You have been, or are about to be, fired from your job. Are you eligible for unemployment? What happens if you have been wrongfully discharged? What do you say in your cover letters and in job interviews? Here's what you need to know about employee rights when you are fired or otherwise terminated from employment.
When an employee is terminated or laid-off, there are no federal regulations requiring employers to give advance notice to the employee unless the employee is covered by an individual contract with their employer, the employees covered by a union/collective bargaining agreement, or the employee is covered by the WARN Act.
When you have lost your job, it's important to check - right away - on compensation due, benefits, references, and unemployment. If you have been fired and haven't been informed about benefits, contact the Human Resources department at your former employer or your manager to request information on the status of your benefits.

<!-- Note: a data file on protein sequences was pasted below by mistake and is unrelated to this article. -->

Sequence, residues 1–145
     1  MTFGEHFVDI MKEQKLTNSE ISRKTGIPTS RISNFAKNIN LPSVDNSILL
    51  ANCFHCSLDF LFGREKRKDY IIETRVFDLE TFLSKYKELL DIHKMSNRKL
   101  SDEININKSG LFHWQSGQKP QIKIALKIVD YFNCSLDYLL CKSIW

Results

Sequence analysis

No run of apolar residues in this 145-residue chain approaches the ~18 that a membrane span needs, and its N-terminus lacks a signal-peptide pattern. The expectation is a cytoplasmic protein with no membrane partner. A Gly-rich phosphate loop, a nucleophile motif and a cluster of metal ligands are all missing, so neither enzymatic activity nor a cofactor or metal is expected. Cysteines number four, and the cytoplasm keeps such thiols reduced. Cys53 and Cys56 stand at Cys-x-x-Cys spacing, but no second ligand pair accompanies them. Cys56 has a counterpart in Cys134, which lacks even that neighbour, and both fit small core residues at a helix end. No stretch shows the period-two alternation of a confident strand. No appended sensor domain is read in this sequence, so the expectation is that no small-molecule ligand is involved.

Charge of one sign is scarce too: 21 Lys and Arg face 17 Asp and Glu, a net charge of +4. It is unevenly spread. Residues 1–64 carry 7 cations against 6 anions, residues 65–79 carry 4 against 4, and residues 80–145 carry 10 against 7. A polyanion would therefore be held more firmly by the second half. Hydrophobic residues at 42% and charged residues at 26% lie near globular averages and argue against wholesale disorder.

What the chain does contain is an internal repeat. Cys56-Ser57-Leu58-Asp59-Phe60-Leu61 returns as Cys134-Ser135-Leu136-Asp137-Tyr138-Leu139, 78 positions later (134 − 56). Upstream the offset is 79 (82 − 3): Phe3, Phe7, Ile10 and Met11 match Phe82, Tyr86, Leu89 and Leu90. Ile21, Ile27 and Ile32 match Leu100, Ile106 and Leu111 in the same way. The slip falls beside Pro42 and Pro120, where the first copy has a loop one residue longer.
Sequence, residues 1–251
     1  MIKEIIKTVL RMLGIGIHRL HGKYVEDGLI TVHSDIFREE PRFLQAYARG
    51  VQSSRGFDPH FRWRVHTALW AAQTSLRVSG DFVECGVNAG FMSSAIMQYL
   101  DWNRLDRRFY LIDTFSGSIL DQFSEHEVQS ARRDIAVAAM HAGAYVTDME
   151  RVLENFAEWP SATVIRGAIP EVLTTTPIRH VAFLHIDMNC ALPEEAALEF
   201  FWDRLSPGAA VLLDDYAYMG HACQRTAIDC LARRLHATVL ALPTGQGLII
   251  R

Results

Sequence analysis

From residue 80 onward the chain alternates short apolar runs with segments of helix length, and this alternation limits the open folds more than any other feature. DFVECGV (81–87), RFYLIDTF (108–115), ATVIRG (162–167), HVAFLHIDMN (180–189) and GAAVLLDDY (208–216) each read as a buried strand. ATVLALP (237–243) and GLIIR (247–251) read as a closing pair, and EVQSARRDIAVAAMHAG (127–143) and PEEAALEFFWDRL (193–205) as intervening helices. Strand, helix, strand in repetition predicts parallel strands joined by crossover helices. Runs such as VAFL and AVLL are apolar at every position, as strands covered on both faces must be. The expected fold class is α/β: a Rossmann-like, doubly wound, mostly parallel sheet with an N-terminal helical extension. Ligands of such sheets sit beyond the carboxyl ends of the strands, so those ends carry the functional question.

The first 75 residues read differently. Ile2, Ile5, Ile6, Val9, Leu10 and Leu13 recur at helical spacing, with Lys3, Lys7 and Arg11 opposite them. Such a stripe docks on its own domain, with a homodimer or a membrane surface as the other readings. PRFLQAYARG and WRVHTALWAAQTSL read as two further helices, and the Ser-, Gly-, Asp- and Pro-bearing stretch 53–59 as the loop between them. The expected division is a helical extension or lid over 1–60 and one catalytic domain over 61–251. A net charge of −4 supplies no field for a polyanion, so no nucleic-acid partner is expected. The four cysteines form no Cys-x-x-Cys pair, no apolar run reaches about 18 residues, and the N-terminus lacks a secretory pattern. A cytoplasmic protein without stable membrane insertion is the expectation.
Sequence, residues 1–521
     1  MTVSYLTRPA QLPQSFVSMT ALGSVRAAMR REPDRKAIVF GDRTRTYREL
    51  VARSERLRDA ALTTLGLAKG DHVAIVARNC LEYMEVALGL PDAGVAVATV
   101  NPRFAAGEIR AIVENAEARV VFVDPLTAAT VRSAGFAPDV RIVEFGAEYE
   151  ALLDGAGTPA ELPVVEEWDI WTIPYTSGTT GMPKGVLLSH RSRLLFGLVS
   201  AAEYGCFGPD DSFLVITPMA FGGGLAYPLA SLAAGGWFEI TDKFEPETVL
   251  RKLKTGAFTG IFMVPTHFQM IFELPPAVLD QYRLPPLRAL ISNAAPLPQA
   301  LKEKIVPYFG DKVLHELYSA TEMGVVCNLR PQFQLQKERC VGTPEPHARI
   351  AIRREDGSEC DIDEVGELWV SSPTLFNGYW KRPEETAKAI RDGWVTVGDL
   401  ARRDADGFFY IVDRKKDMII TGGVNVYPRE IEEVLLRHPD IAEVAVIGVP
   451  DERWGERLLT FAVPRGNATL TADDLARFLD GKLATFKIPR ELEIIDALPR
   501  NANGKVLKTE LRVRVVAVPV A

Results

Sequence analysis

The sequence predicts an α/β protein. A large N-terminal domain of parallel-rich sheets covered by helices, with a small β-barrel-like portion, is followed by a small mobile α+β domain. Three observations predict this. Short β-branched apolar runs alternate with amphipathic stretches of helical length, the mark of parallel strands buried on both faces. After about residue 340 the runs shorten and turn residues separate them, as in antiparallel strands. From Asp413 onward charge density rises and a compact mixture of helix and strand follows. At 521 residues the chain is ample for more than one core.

When an employee is terminated for cause they are fired from their job for a specific reason. Here's how to handle being terminated for cause.
If you were fired from your job you may be eligible for unemployment, depending on the circumstances. If you were fired for misconduct you probably won't be eligible for unemployment benefits, but you can always apply, because your perception of your work history may be different than your employer's.